In those later decades, we think of Massachusetts as resolutely antislavery. The state practiced slavery at one point and conservative elements within it always remained inclined to make excuses, but we can reasonably call it a state that aligns firmly on the antislavery left. How it got from a state which enslaved people to one that did not receives little scholarly attention, even though we believe that it did so with an instantaneous, uncompensated abolition much like enacted in 1865. Some of that comes down to slavery lasting longer in the American South and the vastly larger scale of the institution there. We should also probably grant that the Revolution draws a tremendous amount of scholarly attention away from anything near to it. But that still leaves us with a remarkable story.

John Adams

In 1780, Massachusetts wrote a new constitution which included a bill of rights written by John Adams. His draft received some style tweaks by a committee and the convention accepted it. Article I reads:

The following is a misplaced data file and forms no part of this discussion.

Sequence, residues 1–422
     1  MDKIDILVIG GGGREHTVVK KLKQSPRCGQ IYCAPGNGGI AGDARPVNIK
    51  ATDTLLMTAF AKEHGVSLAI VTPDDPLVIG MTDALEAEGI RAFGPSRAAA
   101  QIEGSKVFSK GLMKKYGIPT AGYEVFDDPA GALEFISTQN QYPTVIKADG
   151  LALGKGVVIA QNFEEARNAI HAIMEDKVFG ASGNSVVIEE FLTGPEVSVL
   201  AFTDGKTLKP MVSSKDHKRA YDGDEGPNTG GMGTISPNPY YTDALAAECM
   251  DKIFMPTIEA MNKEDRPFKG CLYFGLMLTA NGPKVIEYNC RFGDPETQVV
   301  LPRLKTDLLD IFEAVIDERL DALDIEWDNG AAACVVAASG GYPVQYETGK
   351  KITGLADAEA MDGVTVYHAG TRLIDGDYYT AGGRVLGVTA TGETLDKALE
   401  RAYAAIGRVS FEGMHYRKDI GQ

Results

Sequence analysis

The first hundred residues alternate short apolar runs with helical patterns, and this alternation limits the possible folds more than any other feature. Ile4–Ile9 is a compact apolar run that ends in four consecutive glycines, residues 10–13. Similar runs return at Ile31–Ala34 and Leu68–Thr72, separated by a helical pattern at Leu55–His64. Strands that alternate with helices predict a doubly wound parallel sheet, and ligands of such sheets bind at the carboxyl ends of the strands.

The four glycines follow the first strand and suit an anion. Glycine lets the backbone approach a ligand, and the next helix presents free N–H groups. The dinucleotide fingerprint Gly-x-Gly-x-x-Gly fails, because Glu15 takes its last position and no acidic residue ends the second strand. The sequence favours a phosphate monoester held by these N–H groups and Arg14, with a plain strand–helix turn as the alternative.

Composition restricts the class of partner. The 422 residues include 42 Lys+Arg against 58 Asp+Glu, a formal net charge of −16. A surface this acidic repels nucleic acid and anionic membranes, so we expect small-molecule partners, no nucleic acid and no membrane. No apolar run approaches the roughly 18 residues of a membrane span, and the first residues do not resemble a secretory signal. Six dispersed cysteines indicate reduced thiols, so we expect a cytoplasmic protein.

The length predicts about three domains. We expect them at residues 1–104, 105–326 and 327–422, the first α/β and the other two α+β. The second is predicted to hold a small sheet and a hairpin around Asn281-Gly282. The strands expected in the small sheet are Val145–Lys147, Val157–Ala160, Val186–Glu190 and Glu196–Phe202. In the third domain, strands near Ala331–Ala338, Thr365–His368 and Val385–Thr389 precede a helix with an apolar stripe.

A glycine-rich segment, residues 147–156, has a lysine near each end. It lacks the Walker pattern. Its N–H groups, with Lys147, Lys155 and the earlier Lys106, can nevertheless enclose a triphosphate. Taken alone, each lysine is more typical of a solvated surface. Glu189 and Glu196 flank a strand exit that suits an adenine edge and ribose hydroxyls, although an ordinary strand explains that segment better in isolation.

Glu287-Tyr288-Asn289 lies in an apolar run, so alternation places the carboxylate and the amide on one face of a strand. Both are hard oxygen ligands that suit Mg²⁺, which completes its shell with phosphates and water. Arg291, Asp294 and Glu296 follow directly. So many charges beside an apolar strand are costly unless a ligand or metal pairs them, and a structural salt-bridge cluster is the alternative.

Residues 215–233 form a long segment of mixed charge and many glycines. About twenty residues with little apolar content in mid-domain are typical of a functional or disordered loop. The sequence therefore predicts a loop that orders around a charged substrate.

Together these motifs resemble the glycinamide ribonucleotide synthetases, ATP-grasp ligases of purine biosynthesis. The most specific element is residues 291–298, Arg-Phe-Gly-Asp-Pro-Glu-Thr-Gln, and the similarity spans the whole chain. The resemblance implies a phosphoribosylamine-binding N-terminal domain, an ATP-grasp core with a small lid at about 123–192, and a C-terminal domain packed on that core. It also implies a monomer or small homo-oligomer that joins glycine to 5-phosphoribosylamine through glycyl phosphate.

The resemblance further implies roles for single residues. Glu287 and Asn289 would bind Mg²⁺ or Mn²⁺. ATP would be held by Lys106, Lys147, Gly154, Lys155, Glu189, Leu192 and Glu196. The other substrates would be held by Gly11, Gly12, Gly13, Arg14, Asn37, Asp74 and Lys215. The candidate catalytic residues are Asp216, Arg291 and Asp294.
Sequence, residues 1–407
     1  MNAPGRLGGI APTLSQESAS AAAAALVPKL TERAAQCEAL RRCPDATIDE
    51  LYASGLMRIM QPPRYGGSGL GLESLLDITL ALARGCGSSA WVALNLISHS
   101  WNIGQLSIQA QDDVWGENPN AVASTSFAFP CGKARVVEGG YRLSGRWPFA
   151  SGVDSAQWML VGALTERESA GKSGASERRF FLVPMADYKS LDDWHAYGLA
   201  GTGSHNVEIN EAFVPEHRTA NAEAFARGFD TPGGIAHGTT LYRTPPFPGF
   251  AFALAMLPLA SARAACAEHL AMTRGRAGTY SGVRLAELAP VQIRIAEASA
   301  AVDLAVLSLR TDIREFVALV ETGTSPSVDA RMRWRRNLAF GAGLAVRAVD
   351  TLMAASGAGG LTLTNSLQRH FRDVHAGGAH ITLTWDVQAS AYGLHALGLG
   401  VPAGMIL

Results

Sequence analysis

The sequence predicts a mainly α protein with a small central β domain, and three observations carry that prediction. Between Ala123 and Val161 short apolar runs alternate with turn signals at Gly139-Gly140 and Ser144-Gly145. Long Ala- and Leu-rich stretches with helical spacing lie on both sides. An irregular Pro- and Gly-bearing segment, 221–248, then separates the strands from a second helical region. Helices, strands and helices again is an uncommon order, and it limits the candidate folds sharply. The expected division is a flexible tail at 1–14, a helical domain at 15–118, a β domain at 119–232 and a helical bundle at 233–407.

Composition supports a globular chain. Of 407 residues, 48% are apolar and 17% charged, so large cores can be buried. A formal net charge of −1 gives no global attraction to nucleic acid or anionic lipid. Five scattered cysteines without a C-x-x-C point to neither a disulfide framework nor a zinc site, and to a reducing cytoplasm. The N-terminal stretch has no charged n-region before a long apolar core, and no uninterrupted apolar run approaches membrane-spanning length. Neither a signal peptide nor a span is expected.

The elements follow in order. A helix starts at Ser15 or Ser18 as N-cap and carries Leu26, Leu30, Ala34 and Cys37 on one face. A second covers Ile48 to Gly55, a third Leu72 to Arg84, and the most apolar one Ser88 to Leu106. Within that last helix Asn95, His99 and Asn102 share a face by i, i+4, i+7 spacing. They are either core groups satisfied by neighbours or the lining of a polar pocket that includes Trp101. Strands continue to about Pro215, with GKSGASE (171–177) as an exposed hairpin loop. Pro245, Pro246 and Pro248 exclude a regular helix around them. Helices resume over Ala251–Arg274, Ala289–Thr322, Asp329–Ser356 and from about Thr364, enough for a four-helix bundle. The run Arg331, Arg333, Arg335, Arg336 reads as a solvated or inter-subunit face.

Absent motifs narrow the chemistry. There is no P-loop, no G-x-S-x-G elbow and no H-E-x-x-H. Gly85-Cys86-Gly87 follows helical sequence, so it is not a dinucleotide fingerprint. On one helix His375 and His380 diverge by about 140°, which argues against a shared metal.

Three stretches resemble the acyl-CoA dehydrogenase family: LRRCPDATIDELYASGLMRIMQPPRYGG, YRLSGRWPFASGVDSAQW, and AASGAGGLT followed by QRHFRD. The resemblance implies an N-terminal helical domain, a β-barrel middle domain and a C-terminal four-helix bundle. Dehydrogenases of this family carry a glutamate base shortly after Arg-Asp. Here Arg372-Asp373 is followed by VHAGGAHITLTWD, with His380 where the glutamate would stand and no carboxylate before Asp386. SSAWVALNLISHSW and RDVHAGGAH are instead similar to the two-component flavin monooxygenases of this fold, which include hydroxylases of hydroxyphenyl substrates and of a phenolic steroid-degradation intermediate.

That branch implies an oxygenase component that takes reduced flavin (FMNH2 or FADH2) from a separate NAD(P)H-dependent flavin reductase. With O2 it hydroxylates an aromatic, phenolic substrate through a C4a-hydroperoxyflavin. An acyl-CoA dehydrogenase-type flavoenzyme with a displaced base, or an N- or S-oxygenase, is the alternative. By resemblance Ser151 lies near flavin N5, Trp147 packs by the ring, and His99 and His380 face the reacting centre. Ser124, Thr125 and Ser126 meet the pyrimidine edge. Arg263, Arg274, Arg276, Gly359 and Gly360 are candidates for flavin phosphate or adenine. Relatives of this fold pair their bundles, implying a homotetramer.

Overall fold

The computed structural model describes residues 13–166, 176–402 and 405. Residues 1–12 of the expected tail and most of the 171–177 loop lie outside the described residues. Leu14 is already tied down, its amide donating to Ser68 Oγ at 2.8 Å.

All men are born free and equal, and have certain natural, essential, and unalienable rights; among which may be reckoned the right of enjoying and defending their lives and liberties; that of acquiring, possessing, and protecting property; in fine, that of seeking and obtaining their safety and happiness.

An enslaved man named Quock Walker sued for his freedom under that provision in 1783. The Massachusetts courts agreed with him. The 1790 census shows no slaves in Massachusetts. Therefore Walker killed slavery in the Bay State and, retroactively, it was abolished with the adoption of the new constitution in 1780. Thereafter, Massachusetts assumed its place as the leading bastion of freedom. The records indicate a more complicated story and ambiguous story, as usual.

As soon as revolutionary rhetoric with its talk of natural rights began to circulate, black Americans insisted it ought to apply to them as well. White antislavery men agreed, but the flurry of speeches and petitions generated only limited action. The state House formed a committee to look into the conditions facing black Bay Staters in the fall of 1776. Spring brought about a few bills for abolition, with a gradual emancipation proposal gaining some steam. We don’t know how it would have gone down because the House drew up short of a final vote, instead asking Congress for an opinion:

from an apprehension that our brethren in the Other Colonies should conceive there was an impropriety in our determining on a question which may … be of extensive influence, without previously consulting your Honors